By: Teresa Hundt
Interview Horror Stories… We all have either had one or know of someone who has.
Since this month is the spookiest month of the year, I know many articles and newsletters are swirling around that this very topic.
I’m going to do things a little bit differently. Instead of just discussing the “horror”, I will provide three different scenarios where candidates have made mistakes in the interview process that led to a no-hire decision. In turn, I’ll also share my recommendations on what to do differently to increase the likelihood of a positive interview outcome.
I once had a candidate show up to an interview wearing jeans, an untucked t-shirt, and a ballcap. They were more than qualified for the job and it should have been a shoo-in. However, the hiring manager could not get past the very casual attire and a no-hire decision was made pretty quickly. Had they shown up in more appropriate clothing, the job would have been theirs. I think we both learned a hard lesson that day.
Now I always counsel our candidates on the rule of 12’s:
- Your appearance from 12 feet away
- Clothing choice: slacks or clean jeans, collared shirt tucked in, belt and steel-toed shoes, and a sport coat for leadership roles.
- Your appearance from 12 inches away
- Haircut, freshly shaved face, brushed teeth, and fresh breath.
- The first 12 words out of your mouth
- Make sure your first words are complimentary and positive to set the tone.
First impressions are everything. According to Psychology Today, it takes only 7 seconds for people to make a first impression. I have reviewed a recent Harvard study and found that it takes 8 subsequent positive encounters to overcome a negative first impression.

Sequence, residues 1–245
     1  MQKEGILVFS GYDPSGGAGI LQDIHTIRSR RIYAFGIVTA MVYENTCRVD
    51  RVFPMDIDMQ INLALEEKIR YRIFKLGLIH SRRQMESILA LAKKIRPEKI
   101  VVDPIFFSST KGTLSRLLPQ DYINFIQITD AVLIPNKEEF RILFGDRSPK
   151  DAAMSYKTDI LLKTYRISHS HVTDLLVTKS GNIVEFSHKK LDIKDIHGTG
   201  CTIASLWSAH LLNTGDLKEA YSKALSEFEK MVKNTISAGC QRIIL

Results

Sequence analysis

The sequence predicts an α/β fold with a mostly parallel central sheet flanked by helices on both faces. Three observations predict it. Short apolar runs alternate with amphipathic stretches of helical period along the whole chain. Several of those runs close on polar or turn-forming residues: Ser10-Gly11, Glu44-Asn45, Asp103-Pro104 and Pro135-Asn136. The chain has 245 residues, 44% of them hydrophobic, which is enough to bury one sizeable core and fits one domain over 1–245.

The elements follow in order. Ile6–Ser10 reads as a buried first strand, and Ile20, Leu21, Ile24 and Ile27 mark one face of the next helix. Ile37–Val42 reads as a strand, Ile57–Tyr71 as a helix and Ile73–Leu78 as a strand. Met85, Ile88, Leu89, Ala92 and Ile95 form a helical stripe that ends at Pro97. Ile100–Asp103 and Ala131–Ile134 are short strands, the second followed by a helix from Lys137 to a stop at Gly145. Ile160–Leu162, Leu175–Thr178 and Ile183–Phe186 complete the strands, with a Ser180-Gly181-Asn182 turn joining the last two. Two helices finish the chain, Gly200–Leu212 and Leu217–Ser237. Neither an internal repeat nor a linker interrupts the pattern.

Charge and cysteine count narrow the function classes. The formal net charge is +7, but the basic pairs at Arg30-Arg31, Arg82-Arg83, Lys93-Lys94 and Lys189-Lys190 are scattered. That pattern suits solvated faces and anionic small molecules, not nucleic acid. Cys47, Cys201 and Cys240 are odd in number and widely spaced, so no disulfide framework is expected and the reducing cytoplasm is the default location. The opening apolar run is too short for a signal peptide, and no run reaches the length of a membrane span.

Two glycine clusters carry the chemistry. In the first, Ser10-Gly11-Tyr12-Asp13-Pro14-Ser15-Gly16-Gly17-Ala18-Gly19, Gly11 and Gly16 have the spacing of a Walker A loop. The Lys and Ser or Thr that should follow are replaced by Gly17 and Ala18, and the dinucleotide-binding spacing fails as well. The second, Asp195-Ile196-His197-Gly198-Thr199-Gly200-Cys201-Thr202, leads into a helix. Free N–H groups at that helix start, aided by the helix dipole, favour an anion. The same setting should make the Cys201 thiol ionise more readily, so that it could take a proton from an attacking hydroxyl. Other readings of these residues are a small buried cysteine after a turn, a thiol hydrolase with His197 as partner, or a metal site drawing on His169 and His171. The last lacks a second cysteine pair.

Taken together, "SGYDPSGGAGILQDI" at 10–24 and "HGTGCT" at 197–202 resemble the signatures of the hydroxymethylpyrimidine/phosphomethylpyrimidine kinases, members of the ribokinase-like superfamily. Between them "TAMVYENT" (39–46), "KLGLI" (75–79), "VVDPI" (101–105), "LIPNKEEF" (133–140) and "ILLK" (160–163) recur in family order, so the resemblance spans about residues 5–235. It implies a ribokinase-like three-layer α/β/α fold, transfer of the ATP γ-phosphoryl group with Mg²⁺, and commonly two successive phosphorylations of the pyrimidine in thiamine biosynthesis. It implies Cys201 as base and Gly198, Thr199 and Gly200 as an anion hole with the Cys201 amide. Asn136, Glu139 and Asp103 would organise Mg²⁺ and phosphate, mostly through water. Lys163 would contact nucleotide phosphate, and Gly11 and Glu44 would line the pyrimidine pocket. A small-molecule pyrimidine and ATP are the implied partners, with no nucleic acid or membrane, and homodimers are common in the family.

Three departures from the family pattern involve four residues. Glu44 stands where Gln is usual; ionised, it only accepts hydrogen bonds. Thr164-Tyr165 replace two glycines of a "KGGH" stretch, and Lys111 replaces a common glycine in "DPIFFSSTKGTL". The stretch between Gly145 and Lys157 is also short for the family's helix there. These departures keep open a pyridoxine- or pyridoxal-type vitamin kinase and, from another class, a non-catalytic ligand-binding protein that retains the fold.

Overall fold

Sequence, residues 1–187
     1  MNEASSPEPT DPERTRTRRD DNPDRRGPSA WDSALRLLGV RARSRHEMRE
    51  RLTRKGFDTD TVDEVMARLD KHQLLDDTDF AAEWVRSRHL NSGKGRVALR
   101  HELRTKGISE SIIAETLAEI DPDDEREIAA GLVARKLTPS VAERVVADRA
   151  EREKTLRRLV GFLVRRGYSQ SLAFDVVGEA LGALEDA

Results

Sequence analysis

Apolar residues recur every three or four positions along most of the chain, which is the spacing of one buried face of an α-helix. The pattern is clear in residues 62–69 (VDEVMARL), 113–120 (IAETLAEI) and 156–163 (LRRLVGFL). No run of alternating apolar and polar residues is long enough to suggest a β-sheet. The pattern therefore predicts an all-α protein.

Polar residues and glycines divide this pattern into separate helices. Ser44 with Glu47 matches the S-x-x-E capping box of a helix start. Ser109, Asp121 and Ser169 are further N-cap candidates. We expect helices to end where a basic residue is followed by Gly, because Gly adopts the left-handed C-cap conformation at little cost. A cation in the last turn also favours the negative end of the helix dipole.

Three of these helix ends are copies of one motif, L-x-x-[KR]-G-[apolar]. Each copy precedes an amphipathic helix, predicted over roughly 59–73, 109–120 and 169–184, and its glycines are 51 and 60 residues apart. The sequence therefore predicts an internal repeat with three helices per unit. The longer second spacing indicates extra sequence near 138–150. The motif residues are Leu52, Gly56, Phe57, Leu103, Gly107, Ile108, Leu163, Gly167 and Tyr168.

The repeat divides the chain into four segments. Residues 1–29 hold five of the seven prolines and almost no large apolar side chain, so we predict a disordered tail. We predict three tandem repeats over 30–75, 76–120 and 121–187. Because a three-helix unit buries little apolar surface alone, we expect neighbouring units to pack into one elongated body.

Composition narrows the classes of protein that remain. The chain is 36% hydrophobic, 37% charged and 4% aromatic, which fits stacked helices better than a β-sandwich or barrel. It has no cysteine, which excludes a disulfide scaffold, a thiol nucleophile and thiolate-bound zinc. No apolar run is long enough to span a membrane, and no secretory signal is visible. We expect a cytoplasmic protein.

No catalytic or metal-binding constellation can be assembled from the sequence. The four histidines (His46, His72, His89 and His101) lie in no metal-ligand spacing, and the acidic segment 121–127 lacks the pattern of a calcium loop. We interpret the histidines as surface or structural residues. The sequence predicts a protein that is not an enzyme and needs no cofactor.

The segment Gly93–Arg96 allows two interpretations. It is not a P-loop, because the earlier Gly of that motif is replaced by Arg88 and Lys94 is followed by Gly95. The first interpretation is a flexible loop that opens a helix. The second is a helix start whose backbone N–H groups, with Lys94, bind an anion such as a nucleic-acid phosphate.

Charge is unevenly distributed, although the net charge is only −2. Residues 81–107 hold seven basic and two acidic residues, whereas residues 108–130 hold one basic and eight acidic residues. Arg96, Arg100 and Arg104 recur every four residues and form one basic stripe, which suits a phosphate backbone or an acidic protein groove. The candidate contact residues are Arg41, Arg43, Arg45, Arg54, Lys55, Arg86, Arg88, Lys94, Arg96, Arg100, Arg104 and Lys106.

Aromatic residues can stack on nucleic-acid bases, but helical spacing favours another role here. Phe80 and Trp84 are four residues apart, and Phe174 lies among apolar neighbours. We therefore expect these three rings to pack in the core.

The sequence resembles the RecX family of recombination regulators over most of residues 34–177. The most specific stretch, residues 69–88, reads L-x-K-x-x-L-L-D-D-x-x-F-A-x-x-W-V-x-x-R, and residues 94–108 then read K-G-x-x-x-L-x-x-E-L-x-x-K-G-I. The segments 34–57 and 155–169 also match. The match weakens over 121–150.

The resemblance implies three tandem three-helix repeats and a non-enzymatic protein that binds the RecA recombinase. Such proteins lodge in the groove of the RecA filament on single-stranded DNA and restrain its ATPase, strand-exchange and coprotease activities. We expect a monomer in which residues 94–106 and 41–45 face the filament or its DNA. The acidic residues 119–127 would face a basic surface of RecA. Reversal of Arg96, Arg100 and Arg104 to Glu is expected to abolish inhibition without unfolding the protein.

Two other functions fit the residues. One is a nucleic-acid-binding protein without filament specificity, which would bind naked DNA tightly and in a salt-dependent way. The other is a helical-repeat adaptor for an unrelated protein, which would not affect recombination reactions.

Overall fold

This information means the rule of 12’s is very helpful in setting you up for success.
A hiring manager told me about an interview he had with a candidate that went sideways relatively quickly. Every other word was a swear word and it was just too much for this particular plant manager.
And listen, I get it. This is a manufacturing industry that’s full of tough, gritty folks and cursing is par for the course. However, there needs to be a level of professionalism during an interview.
My advice is to keep the swear words to a minimum, preferably zero and while you’re at it, steer clear of politics, religion, and other hot topics.
The last example I’ll share revolves around staying positive and providing positive feedback.
A candidate was doing a face-to-face interview and during the plant tour, they pointed out everything that they saw that needed improvement. According to this candidate, there was a very long list of troubled areas. So much so that the hiring manager became frustrated and almost angry. A no-hire decision was handed down fast.
This experience has led me to counsel candidates on what I consider to be one of the most important focal points. When on a plant tour, point out one or two areas that they believe can be improved. But in doing so, they must also explain how they can help fix, minimize or eliminate that problem based on what they have achieved in the past. For example, “I noticed your crew is having a hard time with setups on the flexo. I’ve experienced this same issue and I found that by implementing __________ processes, we were able to reduce setup time by ____ number of minutes.”
While it’s important to show hiring managers that you’re paying attention to pain points and can be part of the solution, it’s just as important to praise the positive. When you see good, point it out and praise it.
Hopefully these not so horror stories and advice resonate with you or those in your sphere. There are very simple things you can do to increase the probability of a successful outcome and prevent you from falling flat. I’d love to know your thoughts and experiences.
If you’d like to learn more about interview preparation, please reach out to me at firstname.lastname@example.org and I’d be more than happy to share more insights with you.